At first glance, it might seem strange to compare mothering to soldiering; one involves killing and the other fosters life. In many ways though, the parallels are quite strong. Historically, these are the only two demanding vocations that have been foisted on people in nearly all human societies, with little or no regard for their personal feelings or level of preparation. The demands are daunting, but failure can bring crippling consequences for individuals and society. Motherhood is also like military service in that both require recruits to put their very bodies on the line, running very real risks of disfigurement or death. These remarkable demands are justified in the simplest of terms: They are necessary. Civilization itself is at stake.

Rachel Lu

The rest is worth more than a casual read. Read the full article.

Holy Saturday

The Harrowing of Hell, Andrea di Bonaiuto, Santa Maria Novella, Florence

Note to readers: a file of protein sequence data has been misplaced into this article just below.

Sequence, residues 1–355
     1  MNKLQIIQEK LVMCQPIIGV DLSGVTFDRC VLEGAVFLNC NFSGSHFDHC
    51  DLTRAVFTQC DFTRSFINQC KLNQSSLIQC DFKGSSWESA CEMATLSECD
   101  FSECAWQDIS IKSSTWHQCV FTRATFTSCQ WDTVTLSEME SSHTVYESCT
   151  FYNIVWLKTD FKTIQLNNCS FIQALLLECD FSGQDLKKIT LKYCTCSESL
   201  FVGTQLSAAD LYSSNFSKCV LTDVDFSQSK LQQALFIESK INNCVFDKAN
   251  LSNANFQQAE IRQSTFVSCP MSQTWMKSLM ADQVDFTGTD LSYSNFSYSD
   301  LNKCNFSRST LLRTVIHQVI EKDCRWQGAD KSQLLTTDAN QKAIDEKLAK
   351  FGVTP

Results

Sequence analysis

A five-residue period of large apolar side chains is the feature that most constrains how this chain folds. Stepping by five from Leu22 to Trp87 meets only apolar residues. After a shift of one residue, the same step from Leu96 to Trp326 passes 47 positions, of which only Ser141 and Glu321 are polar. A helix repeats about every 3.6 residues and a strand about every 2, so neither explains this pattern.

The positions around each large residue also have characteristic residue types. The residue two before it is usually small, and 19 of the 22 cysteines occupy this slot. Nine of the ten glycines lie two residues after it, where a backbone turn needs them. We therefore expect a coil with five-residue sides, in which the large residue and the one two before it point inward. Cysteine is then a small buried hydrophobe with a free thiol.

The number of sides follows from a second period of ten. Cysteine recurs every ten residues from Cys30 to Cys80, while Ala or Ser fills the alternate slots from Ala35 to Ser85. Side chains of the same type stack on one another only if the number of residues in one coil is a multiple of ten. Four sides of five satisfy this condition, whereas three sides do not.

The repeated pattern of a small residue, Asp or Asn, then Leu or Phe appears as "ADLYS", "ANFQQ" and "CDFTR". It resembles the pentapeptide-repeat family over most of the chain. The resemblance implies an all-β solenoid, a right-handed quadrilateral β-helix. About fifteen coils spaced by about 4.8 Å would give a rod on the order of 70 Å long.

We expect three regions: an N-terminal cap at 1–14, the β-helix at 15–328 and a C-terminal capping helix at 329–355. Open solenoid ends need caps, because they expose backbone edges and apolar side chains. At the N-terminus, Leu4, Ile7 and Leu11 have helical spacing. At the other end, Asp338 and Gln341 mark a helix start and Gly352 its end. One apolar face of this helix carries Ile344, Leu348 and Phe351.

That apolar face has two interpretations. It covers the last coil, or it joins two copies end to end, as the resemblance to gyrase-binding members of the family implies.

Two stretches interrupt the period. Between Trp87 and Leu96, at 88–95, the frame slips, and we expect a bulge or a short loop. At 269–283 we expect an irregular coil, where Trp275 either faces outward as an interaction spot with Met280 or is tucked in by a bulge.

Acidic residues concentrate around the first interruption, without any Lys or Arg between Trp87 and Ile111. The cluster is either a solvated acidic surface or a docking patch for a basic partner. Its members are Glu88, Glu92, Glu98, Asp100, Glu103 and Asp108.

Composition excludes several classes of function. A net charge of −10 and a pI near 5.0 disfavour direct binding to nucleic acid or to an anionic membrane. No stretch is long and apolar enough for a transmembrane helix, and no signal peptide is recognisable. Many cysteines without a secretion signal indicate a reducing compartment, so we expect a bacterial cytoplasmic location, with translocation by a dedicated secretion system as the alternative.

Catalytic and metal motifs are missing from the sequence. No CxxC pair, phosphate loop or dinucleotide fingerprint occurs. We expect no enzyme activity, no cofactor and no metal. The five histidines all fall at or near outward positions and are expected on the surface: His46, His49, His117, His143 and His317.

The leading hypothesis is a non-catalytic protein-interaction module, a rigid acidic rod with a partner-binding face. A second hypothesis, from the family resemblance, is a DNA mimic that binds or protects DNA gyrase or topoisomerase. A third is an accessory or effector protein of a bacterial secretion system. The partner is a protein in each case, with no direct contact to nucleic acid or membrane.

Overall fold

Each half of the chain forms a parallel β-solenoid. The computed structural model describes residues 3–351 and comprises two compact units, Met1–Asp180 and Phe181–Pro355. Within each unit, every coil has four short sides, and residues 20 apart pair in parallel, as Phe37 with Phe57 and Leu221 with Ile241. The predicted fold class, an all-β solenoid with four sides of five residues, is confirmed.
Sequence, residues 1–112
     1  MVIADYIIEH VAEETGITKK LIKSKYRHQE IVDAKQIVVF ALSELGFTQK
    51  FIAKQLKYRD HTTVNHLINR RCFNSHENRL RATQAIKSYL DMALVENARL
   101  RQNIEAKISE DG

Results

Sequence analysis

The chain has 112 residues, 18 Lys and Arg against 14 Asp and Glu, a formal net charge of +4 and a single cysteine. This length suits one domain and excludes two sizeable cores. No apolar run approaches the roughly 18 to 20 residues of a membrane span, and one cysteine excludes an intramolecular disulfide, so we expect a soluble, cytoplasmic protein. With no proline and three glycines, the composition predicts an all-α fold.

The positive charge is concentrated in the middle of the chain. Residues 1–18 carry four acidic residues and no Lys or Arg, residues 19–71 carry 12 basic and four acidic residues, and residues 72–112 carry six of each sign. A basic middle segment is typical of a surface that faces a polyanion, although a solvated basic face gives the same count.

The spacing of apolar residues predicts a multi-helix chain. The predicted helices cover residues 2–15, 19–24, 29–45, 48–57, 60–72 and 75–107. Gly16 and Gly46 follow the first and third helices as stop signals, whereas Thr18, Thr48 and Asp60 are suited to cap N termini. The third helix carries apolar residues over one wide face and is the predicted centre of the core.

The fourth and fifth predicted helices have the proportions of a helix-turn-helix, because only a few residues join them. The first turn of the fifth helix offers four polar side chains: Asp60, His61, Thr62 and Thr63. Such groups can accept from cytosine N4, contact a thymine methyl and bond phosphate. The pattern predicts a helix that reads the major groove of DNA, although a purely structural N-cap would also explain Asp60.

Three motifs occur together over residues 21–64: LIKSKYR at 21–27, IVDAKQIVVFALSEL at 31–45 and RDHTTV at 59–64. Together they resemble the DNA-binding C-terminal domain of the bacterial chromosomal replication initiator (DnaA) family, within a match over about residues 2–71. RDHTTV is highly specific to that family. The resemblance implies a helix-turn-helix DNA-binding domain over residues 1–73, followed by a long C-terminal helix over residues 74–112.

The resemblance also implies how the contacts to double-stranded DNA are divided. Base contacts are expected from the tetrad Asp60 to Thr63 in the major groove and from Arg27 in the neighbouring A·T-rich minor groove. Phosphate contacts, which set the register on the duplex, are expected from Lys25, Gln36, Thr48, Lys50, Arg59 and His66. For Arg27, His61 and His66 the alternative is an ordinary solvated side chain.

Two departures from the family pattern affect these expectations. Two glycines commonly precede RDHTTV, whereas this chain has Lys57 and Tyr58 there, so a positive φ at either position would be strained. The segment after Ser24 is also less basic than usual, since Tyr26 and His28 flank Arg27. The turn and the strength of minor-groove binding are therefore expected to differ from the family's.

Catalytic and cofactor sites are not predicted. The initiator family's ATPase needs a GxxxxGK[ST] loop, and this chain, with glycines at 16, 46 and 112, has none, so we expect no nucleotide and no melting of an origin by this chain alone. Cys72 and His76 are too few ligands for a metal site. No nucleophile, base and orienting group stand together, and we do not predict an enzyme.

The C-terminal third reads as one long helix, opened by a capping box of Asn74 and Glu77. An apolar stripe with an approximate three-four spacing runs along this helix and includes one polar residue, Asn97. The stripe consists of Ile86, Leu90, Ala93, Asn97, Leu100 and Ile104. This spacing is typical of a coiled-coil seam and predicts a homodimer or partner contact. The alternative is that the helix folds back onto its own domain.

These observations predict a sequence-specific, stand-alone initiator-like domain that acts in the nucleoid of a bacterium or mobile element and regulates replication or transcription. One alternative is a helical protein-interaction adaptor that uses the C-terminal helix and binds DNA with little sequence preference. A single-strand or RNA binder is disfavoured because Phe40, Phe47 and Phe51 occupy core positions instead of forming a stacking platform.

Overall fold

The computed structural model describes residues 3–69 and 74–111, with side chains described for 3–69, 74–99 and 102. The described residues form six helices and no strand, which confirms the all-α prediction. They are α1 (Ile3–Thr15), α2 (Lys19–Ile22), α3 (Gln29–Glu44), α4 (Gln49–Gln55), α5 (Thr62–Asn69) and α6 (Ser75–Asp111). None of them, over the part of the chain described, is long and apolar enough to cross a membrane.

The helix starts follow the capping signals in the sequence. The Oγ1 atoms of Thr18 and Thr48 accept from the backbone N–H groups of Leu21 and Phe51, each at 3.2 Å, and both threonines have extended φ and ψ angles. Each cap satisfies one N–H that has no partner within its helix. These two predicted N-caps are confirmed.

Today’s reading from the Office of Readings put me in mind of the fresco of Christ’s descent into the limbo of the patriarchs in the chapter room of Santa Maria Novella in Florence. Note the demon crushed under the doors of hell at Christ’s feet and the other bewildered devils on the right. (Don’t feel sorry for them.) It’s what the Middle Ages had instead of superhero movies.

Continue reading “Holy Saturday”

Leo the Great on the Passion

Santa Croce, Florence

“True reverence for the Lord’s passion means fixing the eyes of our heart on Jesus crucified and recognizing in him our own humanity.